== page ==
Wednesday, December 29, 2010

Iran penetrates the Green Zone...with ice cream

Credit: Liz Sly, Washington Post
Liz Sly, formerly of the Chicago Tribune and now with the Washington Post, did a fun little story last week about IcePack, an Iranian ice cream chain making headway in Iraq - in the Green Zone, no less.  I'm not sure that a few ice cream stores, albeit ones from a chain that claims to "exalt the name of Iran and reinforce Iranian Identity", truly represent a big Iranian challenge to America.  Wasn't there some kerfuffle about a nuclear program?  Or something?

My other issue with this story is that I don't see a single description of the ice cream's taste or quality.  I don't even know whether this is soft-serve or scooped!  Nor can this information be garnered with certainty from Icepack's throwback website, where the four specialties on offer are named the "Multi Fruit", "Multi Mix", "Ice Pack" and "Special Ice Pack".  They are largely distinguishable in the photos by the fact that they come in different styles of paper cup.

Still, it's good to know Iraq is gaining enough relative security that people can go out and enjoy ice cream.  This is a recurrent trope in the works of a few other contemporary writers on Iraq, such as the feminist scholar Nadje Al-Ali and the blogger Salam Pax, who often mention Iraqis going out for evening ice creams as a sign of normalcy and peace.

Monday, December 6, 2010

Professional Foray #14: DC does gelato, and how: Dolcezza, Dupont Circle

DC does a few things right.  Museums.  Air quality.  Indian food, namely at Rasika, where I had quite possibly the best Indian meal I've ever had.  Chinese food, humor and politics are not its strengths.

Gelato, it turns out, is.  Dolcezza, of which there are three locations in the DC area, is some of the finest gelato I've tasted in America, on a par with Grom or Cones.  The location near Dupont is clean, mostly white, intimate and rustic, like the sophisticated little cafes that dot the historical town centers of the wealthy cities in northern Italy.  It's owned by an Argentine woman, Violetta Edelman, and her husband Rob Duncan, who source everything from local farmers.  You can read their Michael Pollan-esque odes to their farmer friends on their website.  Almost everyone gets described as "some of the nicest folks we know."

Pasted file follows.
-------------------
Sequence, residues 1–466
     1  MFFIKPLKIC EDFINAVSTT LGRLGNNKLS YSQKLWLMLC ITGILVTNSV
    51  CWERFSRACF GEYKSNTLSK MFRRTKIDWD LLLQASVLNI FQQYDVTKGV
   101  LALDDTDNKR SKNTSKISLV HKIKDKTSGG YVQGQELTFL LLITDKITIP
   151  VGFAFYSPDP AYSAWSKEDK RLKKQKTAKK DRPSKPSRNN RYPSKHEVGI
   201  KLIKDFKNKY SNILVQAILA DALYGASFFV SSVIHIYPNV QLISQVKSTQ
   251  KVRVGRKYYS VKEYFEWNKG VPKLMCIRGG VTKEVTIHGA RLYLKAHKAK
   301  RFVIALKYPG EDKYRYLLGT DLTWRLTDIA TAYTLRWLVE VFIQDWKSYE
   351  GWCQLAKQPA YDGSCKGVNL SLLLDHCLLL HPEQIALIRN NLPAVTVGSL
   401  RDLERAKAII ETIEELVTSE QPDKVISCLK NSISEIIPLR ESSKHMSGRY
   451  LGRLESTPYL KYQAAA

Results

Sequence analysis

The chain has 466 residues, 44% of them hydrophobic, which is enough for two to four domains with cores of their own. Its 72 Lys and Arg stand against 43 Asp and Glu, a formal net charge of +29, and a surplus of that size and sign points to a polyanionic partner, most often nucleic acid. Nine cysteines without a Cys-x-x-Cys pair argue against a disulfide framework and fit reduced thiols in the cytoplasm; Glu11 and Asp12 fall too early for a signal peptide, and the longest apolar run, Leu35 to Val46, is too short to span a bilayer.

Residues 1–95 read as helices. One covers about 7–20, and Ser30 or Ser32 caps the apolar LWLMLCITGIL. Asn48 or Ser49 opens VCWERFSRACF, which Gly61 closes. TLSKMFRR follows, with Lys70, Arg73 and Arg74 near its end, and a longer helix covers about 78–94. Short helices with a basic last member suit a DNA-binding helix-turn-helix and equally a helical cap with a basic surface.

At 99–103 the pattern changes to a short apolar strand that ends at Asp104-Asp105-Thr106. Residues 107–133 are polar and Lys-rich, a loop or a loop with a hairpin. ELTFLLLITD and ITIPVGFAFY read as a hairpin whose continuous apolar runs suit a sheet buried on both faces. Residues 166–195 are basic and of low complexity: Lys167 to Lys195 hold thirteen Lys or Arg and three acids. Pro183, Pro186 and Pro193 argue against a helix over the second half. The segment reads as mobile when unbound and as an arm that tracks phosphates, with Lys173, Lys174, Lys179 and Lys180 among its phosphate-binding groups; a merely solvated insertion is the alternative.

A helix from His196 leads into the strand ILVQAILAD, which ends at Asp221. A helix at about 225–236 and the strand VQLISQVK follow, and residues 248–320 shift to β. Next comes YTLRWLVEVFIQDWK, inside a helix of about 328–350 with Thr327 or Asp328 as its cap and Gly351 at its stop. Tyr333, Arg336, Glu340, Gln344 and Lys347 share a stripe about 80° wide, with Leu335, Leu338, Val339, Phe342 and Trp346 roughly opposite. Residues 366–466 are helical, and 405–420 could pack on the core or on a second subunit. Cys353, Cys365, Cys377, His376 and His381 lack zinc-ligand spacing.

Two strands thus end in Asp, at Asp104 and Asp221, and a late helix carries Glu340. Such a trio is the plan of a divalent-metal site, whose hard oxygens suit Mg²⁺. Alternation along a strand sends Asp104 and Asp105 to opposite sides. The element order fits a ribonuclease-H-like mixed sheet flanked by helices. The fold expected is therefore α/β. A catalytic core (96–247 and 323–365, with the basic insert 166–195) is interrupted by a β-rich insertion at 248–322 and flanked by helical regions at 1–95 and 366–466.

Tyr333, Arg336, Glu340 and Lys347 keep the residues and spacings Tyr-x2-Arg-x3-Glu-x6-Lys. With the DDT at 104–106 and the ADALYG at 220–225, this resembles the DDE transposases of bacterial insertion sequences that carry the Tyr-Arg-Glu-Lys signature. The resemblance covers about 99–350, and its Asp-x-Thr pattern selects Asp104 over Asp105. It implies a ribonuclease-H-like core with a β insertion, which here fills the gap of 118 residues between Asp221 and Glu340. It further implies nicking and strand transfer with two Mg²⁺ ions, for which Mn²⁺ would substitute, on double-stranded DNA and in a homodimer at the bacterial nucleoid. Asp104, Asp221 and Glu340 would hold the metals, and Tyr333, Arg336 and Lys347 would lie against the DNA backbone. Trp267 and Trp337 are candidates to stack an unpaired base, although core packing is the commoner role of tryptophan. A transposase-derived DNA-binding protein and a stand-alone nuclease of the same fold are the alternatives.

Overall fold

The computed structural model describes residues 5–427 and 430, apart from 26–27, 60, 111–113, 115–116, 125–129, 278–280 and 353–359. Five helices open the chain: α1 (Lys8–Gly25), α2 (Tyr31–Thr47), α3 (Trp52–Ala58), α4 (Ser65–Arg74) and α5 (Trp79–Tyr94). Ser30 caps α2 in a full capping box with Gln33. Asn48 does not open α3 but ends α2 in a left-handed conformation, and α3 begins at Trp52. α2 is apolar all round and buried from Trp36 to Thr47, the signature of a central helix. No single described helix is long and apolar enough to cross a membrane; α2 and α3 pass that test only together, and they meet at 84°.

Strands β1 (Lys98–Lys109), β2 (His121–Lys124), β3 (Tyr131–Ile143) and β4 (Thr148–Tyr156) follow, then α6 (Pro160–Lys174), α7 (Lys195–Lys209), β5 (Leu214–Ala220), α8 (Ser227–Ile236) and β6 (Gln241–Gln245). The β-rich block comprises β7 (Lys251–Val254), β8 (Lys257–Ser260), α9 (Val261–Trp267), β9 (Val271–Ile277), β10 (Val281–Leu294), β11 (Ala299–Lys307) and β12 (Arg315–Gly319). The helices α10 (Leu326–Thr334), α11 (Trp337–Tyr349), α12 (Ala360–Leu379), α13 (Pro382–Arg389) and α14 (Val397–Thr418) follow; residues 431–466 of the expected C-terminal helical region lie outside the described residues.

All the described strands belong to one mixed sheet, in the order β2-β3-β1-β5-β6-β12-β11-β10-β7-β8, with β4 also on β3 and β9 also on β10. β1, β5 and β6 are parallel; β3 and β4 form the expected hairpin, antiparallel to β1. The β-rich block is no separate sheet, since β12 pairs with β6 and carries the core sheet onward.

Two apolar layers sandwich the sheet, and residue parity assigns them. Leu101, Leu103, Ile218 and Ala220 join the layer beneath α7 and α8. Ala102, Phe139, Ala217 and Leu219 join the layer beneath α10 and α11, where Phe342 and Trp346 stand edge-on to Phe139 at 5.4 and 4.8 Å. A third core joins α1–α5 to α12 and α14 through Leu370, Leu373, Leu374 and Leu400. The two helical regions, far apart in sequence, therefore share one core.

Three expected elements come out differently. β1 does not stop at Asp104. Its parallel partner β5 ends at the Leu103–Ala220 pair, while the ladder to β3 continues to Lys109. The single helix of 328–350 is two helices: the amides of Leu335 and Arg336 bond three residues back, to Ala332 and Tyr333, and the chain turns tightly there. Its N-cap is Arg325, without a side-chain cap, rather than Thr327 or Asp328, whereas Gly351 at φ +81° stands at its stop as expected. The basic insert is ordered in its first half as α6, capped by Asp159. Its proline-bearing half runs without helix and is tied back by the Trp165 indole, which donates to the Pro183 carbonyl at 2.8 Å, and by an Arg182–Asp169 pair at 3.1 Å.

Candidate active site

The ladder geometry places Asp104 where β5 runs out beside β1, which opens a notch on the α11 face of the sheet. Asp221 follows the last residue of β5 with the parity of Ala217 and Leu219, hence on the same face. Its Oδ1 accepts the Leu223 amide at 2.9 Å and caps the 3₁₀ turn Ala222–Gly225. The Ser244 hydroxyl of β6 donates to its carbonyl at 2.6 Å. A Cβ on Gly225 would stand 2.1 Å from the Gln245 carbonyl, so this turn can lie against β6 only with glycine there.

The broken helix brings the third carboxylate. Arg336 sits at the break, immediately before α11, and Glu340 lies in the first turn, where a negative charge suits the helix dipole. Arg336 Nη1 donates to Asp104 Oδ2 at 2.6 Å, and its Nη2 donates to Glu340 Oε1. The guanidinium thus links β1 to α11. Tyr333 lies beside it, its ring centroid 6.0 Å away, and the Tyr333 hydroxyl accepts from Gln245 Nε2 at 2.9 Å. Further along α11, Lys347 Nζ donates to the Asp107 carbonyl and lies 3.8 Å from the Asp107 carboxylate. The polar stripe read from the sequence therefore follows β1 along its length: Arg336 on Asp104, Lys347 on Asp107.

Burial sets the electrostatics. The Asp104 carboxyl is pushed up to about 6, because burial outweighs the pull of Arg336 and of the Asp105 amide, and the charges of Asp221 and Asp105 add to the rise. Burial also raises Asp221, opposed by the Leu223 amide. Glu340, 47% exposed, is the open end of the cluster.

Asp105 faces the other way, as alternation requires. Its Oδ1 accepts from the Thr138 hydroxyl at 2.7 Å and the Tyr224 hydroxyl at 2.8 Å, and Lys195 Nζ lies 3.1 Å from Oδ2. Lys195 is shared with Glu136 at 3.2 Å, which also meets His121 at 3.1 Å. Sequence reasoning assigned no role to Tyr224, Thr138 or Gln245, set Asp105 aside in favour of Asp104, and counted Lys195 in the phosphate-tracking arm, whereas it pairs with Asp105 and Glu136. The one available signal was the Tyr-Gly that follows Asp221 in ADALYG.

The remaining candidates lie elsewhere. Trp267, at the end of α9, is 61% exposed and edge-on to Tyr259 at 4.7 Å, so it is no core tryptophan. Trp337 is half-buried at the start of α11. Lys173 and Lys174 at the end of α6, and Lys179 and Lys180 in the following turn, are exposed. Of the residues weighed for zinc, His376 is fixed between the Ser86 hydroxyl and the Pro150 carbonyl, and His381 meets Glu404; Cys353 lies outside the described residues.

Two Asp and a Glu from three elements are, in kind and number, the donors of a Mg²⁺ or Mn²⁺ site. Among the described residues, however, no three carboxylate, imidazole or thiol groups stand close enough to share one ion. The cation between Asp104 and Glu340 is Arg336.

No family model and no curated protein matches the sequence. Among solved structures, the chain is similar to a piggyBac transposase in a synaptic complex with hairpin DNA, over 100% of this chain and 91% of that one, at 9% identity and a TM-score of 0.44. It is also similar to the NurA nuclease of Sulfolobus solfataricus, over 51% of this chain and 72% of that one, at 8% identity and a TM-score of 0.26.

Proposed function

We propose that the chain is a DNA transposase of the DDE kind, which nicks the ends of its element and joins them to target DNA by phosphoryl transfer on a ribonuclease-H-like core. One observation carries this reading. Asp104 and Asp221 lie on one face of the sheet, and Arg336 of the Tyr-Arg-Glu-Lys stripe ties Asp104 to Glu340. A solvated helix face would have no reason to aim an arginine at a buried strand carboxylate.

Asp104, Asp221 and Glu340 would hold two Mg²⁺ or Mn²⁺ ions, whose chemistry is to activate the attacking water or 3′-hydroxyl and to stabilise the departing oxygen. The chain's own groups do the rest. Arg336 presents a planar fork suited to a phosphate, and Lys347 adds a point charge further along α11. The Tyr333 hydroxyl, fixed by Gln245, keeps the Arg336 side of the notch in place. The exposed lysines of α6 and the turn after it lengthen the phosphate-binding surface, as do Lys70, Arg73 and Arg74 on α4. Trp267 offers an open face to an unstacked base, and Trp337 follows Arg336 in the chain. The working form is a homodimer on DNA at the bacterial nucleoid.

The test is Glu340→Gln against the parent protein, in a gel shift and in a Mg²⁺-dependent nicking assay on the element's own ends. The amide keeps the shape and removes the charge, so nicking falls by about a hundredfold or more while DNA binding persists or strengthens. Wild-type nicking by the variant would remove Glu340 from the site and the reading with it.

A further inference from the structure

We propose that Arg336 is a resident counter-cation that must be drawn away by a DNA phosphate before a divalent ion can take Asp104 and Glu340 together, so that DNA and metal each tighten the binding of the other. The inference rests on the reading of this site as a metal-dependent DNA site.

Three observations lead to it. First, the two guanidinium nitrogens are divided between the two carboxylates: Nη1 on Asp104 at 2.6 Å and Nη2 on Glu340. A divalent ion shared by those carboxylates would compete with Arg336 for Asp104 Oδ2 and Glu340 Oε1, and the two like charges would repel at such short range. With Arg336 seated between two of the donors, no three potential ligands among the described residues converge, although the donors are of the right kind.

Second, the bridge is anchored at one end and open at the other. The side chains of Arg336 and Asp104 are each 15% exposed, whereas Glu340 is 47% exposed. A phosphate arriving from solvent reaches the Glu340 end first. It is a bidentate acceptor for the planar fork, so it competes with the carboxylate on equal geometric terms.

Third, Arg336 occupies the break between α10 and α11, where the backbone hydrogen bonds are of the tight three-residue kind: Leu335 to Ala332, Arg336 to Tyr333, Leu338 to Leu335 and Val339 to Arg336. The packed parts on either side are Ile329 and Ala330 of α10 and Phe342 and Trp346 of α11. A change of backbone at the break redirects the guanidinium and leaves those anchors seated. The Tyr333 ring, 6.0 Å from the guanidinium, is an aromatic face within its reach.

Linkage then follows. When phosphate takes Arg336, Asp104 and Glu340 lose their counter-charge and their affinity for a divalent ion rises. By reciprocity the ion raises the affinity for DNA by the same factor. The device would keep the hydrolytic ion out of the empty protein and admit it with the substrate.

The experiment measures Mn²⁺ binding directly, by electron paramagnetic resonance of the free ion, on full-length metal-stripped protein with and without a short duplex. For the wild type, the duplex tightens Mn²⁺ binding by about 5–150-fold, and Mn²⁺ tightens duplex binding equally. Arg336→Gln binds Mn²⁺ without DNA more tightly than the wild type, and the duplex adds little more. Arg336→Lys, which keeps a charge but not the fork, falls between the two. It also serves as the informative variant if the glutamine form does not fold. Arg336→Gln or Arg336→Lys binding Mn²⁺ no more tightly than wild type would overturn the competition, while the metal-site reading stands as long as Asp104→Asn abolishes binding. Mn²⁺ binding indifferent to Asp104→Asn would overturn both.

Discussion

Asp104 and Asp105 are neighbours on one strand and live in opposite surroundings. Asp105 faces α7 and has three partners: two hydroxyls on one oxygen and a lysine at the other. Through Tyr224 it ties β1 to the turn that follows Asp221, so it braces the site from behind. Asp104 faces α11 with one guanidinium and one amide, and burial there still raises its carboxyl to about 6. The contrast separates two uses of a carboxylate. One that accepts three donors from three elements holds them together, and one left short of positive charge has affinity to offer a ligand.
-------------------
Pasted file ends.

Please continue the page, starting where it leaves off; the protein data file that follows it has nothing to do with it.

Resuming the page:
Irrespective of how kind the farmers are, and how much Violetta and Rob adore them, this is some spanking good gelato.  My friend Liz and I had the ginger cardamom pistachio, the pumpkin spice (with nutmet, allspice, clove, cinnamon and ginger), and the chocolate with ancho, chipotle and cinnamon.  The pistachio flavor was particularly unique, reminiscent of mann w' salwa, a cardamom-pistachio flavor I'd heretofore only eaten in the Middle East, where that combination is used often in nougat candies.  As in most cases, the addition of ginger made it even more delicious.  The pumpkin flavor features locally-grown Crookneck pumpkins, a sweet variety of squash they bake with spices before folding it into cream sourced from a Pennsylvania dairy.

I'm nearing my wit's end with the preciousness of local this and small farmer that (even though I prefer to shop, eat and generally live that way, I'm tired of talking and reading about it all the time), so I won't dwell further on how great all of these efforts are.  The important thing is taste, and this gelato tastes wonderful.  It's creamy and light on the tongue, goes down easy, and you don't need to drink a lot of water while you eat it, which is how you know if it's too rich or heavy.  I was able to go to dinner a half-hour later, and eat another giant Indian meal.  And if Dolcezza wasn't closed by the time we finished, I would have had another cone.  Dolcezza, 1705 Connecticut Ave NW, Washington DC, 202 299 9116, www.dolcezzagelato.com
 

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